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REVIEW: "Dictionary of Internetworking Terms and Acronyms", Cisco Systems

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  • Rob, grandpa of Ryan, Trevor, Devon & Ha
    BKDCINTA.RVW 20010729 Dictionary of Internetworking Terms and Acronyms , Cisco Systems, 2001, 1-58720-045-7, U$12.95/C$19.95 %A Cisco Systems, Inc.
    Message 1 of 1 , Oct 22, 2001
      BKDCINTA.RVW 20010729

      "Dictionary of Internetworking Terms and Acronyms", Cisco Systems,
      2001, 1-58720-045-7, U$12.95/C$19.95
      %A Cisco Systems, Inc. wblack@...
      %C 201 W. 103rd Street, Indianapolis, IN 46290
      %D 2001
      %G 1-58720-045-7
      %I Cisco Press/Macmillan Computer Publishing (MCP)
      %O U$12.95/C$19.95 800-858-7674 317-581-3743 info@...
      %P 412 p.
      %T "Dictionary of Internetworking Terms and Acronyms"

      The first thing that strikes you is that the dictionary is very
      complete. It is certainly fatter than the free glossaries that
      vendors used to throw around as giveaways. So complete, that a lot of
      minor variations on a theme are included. However, while the terms
      encompassed in the book do cover a wide range, a number of listings
      are missing. As an example, "Newton's Telecom Dictionary," (cf.
      BKNTTLDC.RVW) has 142 records in "X," where the Cisco work has 31, and
      most of the Newton explanations are considerably more informative.
      The preponderance of the entries in this volume are acronyms.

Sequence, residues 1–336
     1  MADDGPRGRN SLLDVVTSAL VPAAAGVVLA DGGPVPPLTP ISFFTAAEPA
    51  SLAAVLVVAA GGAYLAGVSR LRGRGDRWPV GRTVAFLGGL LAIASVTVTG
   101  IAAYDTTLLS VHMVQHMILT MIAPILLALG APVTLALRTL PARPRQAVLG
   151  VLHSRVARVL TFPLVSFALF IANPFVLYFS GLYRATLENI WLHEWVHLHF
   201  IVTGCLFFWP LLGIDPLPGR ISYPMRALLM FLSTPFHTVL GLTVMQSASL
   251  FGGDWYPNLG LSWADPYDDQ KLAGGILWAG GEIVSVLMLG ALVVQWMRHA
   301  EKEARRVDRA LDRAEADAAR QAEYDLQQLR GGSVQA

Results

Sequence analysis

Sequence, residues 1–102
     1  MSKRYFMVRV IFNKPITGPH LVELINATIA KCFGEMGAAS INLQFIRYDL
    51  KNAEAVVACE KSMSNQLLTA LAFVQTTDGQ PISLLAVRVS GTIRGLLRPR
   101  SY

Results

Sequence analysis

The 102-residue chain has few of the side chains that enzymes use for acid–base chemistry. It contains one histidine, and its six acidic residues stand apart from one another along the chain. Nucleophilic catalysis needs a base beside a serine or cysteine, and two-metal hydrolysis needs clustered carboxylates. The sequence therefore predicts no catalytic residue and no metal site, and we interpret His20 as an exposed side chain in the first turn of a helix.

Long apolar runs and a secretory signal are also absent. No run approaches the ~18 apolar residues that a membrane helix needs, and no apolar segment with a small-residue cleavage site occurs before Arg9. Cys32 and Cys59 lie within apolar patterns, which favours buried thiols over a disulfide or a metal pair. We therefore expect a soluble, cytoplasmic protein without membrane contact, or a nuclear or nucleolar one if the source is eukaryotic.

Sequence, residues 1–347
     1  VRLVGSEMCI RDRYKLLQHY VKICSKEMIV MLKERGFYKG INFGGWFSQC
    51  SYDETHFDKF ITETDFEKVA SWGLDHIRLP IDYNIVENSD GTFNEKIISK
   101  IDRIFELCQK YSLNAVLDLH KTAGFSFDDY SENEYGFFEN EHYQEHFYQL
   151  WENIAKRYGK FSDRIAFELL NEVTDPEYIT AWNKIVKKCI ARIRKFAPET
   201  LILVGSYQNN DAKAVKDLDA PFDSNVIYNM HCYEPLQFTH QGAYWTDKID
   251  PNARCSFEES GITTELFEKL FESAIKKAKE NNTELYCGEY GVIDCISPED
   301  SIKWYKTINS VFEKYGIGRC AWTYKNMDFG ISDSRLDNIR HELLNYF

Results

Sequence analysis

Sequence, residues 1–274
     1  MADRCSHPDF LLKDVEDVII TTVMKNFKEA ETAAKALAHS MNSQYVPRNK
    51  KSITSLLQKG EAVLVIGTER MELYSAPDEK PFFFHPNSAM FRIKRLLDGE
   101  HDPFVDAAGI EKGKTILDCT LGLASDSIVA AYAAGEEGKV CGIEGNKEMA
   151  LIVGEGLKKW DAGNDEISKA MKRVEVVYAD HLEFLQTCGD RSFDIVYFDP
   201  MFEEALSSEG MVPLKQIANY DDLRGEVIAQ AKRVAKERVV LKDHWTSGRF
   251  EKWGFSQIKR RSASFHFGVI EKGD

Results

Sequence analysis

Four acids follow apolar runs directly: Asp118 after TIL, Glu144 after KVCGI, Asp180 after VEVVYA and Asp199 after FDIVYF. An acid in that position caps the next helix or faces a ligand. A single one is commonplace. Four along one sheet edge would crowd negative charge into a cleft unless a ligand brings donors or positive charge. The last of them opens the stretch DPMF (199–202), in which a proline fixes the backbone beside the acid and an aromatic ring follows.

The entries are generally quite short, and frequently fail to explain
      the phrase or technology under consideration. Many acronyms are
      merely expanded, with no attempt to define the resulting expression.
      There does not seem to be any standard as to whether a definition, if
      it is provided, is given with the acronym or the expanded phrase.

      There are cross-references, but very few, and many of them don't work.
      "24th channel signalling" points to "2G mobile network," but the
      latter entry contains no reference at all to the former phrase. This
      example is far from being an isolated case.

      That ActiveX is said to be a "superset" of Java would come as a
      considerable surprise to both Microsoft and Sun, and, given the
      radical differences in the two systems, to anyone who has the
      slightest familiarity with both applet styles.

      The entry for cookie defines what it is, but says nothing about use or
      purpose. The virus definition is technically correct, but is academic
      and restrictive. One entry says, in its entirety, "remote alarm
      indication - yellow alarm." A number of listings would have
      benefitted from a slight review by someone more familiar with English:
      one tells us that satellite communication has "a cost that is not
      related to distance between earth stations, long bandwidth delays, or
      broadcast capability."

      Ultimately, this material is neither helpful nor reliable. There are
      many other, better, resources, such as Petersen (cf. BKDTTLDC.RVW),
      Weik (cf. BKCMSTDC.RVW), Shnier (cf. BKCMPDCT.RVW), the
      Newton, Microsoft (cf. BKMSCMDC.RVW), and good old FED-STD-1037C (cf.
      BKGLTLTM.RVW), which can even beat it on price.

      copyright Robert M. Slade, 2001 BKDCINTA.RVW 20010729

      ====================== (quote inserted randomly by Pegasus Mailer)
      rslade@... rslade@... slade@... p1@...
      Teaching should be such that what is offered is perceived as a
      valuable gift and not as a hard duty. - Albert Einstein
      http://victoria.tc.ca/techrev or http://sun.soci.niu.edu/~rslade
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